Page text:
Selecting the Correct Professional Services Entity

what am i supposed to do?

It is important for a lawyer to select the correct professional services entity. Otherwise, a lawyer may be in violation of the following statutes (for example, Chapter 18.100 RCW, RCW 25.15.045 and RCW 25.05.510). The selection of the wrong entity could also violate the Washington Rules of Professional Conduct (for example, RPC 8.4 for misrepresentation and fitness to practice law and RPC 1.1 for competency to practice law).


  1. Select the right entity. In Washington state, a licensed professional has the choice to form and/or incorporate only certain types of entities, namely a sole proprietorship, general partnership (Chapter 25.05 RCW), professional service corporation (Chapter 18.100 RCW), professional limited liability company (RCW 25.15.045), and (professional) limited liability partnership (RCW 25.05.510).  A lawyer cannot incorporate as a business corporation (Chapter 23.13 RCW) or form a limited liability company (Chapter 25.15 RCW) to render licensed professional services in Washington. Frequently, the confusion sometimes arises out of the second sentence in RCW 25.15.045 that provides, in part, “…render professional services… may organize and become a member…”The “may” is confusing because it implies that a PLLC is not mandatory — which it is, of course, if you intend on forming a limited liability company to perform professional services.
  2. Washington Secretary of State web forms. Chapter 18.100 RCW and RCW 25.15.045 impose specific requirements and limitations that need to be included in the entity’s formation and/or incorporation documents, including the Bylaws or Operating Agreement. The Secretary of State’s professional entity forms on its website do not include any mandatory provisions required by the professional services statutes. It is up to the drafter to add these provisions (of Chapter 18.100 RCW, RCW 25.15.040 and RCW 25.05.510) to the website formation and/or incorporation forms. If this is not accomplished, the entity is technically not in compliance with the professional services statutes.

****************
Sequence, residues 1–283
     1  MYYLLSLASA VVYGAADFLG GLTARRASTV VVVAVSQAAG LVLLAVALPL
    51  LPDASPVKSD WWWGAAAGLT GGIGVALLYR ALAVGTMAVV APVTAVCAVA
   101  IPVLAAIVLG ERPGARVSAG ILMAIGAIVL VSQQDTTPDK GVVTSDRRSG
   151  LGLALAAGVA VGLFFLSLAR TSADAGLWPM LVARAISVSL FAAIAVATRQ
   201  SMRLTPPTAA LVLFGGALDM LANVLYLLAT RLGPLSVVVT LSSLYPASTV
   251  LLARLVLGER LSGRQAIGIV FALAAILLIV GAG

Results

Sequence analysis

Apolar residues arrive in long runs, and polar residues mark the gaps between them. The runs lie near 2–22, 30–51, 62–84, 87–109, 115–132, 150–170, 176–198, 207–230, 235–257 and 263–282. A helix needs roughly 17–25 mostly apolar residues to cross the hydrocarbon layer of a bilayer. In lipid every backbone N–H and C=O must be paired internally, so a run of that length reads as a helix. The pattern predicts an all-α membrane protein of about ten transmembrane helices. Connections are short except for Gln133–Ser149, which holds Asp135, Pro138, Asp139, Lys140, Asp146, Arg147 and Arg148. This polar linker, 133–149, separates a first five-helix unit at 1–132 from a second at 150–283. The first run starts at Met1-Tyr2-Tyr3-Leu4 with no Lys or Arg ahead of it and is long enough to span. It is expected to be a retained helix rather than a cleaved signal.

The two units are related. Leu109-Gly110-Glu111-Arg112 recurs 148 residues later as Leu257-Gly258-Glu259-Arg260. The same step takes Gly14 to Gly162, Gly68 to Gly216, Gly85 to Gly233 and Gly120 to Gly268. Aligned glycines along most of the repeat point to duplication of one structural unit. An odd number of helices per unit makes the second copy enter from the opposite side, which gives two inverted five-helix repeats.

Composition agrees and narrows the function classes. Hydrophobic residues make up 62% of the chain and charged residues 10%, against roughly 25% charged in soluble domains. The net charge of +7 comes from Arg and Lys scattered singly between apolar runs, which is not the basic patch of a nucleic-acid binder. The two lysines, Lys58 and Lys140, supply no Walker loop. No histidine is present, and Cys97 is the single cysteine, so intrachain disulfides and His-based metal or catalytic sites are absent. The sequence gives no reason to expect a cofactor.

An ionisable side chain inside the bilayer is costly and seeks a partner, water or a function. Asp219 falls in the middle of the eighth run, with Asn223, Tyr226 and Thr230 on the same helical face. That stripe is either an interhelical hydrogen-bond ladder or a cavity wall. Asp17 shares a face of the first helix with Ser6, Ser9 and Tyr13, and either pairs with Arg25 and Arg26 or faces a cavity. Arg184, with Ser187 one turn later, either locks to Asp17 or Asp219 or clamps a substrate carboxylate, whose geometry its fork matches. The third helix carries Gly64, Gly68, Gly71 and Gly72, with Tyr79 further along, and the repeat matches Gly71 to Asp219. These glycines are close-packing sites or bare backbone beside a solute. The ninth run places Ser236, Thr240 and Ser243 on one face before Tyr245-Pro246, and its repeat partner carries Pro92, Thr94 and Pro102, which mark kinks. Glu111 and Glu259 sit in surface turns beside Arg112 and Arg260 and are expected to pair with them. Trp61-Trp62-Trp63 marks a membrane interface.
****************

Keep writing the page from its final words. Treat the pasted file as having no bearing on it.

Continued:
3. Lawyer Rules of Professional Conduct affecting those who form the wrong entity in Washington. The selection of the wrong type of entity could violate the Washington Rules of Professional Conduct (RPC). RPC violations to be aware of include RPC 8.4(c) to engage in conduct involving dishonesty, fraud, deceit or misrepresentation, and RPC 8.4(n) to engage in conduct demonstrating unfitness to practice law. Also, RPC 5.5 pertains to not practicing in violation of a regulation and states, in part:  “A lawyer may practice law only in a jurisdiction in which the lawyer is authorized to practice.” RPC 7.1 pertains to false and misleading advertising and communication and states, in part: “A lawyer shall not make false or misleading communication about the lawyer or the lawyer’s services.” RPC 1.1, pertaining to competency, states, in part: “Competent representation requires the legal knowledge, skill… necessary for the representation.” A lawyer may not employ the requisite knowledge and skill if the lawyer’s services are provided through the wrong entity and thereby violating this RPC.
  4. Corrective action. If you have selected the wrong entity type or have not completed your incorporation/formation documents correctly, you will need to take corrective action immediately to comply with the respective professional service statutes. The solution usually requires filing Amended Articles or Certificate of Formation and amending and restating the by-laws or operating agreement, and holding a special meeting of shareholders and/or members to approve and authorize the filing of the Amendments and governance documents. Then, correct the entity’s name on your business cards, letterhead, checking accounts, and website.